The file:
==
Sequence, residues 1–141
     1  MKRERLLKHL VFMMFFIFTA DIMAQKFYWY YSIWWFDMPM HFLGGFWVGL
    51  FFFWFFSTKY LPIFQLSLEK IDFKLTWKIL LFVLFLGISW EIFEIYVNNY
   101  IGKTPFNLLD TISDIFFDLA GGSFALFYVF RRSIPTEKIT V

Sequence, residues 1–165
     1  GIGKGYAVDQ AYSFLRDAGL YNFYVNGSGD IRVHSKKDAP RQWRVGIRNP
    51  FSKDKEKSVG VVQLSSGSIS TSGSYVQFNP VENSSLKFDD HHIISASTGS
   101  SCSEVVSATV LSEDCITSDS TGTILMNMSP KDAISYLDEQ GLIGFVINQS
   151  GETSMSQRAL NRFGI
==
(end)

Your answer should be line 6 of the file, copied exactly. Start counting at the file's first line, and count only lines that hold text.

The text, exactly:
     1  GIGKGYAVDQ AYSFLRDAGL YNFYVNGSGD IRVHSKKDAP RQWRVGIRNP